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Texting while driving is against the law

Alpha Media Holdings chairman Trevor Ncube

Approximately five people die on our roads every day. Reflect on that for a moment. A staggering 77% of the fatalities and injuries involve economically active people. It is estimated that road accidents cost Zimbabwe 3% of GDP. For perspective, tourism contributes 4,25% to GDP.

These are sobering statistics. These deaths of our mothers, fathers, sisters and brothers are preventable. Everyone who uses his/her phone while driving is a potential contributor to this carnage.

According to research, top on the common causes of accidents are drivers who are distracted because they are texting, talking on the phone or eating. This is shocking behaviour. Phones have somehow turned into indispensable gadgets but have devastating consequences on driving.

But we all can do something about it. Are you prepared to be a change agent? Change begins with you and it begins with me. Stop using your phone while driving.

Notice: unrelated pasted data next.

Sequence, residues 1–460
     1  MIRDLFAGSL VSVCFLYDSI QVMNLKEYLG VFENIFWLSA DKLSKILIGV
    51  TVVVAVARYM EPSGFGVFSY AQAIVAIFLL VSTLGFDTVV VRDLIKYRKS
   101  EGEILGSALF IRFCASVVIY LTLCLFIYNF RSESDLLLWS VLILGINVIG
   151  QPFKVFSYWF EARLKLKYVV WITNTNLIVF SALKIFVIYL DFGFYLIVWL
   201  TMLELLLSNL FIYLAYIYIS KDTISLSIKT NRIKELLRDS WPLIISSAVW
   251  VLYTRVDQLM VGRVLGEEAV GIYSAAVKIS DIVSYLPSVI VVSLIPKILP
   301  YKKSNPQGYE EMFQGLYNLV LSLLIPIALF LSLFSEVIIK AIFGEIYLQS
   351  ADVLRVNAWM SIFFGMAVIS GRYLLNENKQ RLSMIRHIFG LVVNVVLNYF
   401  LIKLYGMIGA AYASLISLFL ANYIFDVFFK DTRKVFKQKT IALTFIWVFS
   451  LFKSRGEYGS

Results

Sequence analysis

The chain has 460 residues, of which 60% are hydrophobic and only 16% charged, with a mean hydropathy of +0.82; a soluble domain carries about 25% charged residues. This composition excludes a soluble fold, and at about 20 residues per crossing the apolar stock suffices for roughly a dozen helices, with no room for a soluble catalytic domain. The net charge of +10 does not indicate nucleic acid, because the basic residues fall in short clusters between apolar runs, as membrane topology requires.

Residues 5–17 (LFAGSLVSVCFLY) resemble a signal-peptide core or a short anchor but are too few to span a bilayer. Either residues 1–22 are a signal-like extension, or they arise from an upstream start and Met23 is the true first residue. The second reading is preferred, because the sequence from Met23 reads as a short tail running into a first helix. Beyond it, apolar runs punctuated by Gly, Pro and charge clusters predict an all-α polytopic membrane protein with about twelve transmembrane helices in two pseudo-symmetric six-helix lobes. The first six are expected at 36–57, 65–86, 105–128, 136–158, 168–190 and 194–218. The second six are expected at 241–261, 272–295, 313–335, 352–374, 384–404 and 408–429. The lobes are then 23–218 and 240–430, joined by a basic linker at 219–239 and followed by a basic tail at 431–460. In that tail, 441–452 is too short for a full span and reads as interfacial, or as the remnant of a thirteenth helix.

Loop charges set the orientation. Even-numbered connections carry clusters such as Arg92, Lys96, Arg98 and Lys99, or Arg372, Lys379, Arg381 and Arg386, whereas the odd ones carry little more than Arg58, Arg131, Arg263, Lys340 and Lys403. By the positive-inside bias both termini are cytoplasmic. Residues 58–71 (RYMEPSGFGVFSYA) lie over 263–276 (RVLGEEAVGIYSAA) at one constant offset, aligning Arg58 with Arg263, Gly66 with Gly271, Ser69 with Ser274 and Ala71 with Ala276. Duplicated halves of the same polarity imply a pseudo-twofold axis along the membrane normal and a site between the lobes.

In Zimbabwe it is illegal to text or phone while driving and yet almost every driver on our roads does it. Breaching of this law actually attracts a level five penalty or a fine, or both. Most of the time the police are nowhere to be seen to enforce this law and, on the few occasions they stop a driver for this, they are quickly given a bribe and walk away. This is common police behaviour whenever they catch a motorist breaching the Highway Code.

Many motorists seem to think seat belts are optional for themselves and their children. It is not a sign of love to have children in the front seat, on your lap or standing in-between seats. Children should be in the back seat with their seat belts properly fastened.

We need heavy penalties for road infringements and a professional police force. Unlicensed drivers and all defective vehicles must be taken off our roads.

But in all this, where are the politicians? This is a serious campaign issue that MPs should articulate and ensure is decisively dealt with. Recently we saw a commonality of purpose regarding drug and substance abuse; the same approach should be adopted to bad behaviour on the roads.

  • Trevor Ncube is Alpha Media Holdings chairman

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